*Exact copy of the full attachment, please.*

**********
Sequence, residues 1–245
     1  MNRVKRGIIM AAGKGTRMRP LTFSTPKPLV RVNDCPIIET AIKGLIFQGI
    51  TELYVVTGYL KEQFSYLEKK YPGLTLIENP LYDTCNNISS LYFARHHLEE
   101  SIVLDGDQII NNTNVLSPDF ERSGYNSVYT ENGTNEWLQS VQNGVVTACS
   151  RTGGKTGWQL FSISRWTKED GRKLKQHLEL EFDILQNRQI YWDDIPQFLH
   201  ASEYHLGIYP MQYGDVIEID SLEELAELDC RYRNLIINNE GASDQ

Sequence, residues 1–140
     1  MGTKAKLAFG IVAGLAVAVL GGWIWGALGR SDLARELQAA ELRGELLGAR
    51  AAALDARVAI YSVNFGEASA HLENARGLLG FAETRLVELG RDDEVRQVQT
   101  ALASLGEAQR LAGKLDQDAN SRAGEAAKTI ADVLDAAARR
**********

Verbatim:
Sequence, residues 1–245
     1  MNRVKRGIIM AAGKGTRMRP LTFSTPKPLV RVNDCPIIET AIKGLIFQGI
    51  TELYVVTGYL KEQFSYLEKK YPGLTLIENP LYDTCNNISS LYFARHHLEE
   101  SIVLDGDQII NNTNVLSPDF ERSGYNSVYT ENGTNEWLQS VQNGVVTACS
   151  RTGGKTGWQL FSISRWTKED GRKLKQHLEL EFDILQNRQI YWDDIPQFLH
   201  ASEYHLGIYP MQYGDVIEID SLEELAELDC RYRNLIINNE GASDQ

Sequence, residues 1–140
     1  MGTKAKLAFG IVAGLAVAVL GGWIWGALGR SDLARELQAA ELRGELLGAR
    51  AAALDARVAI YSVNFGEASA HLENARGLLG FAETRLVELG RDDEVRQVQT
   101  ALASLGEAQR LAGKLDQDAN SRAGEAAKTI ADVLDAAARR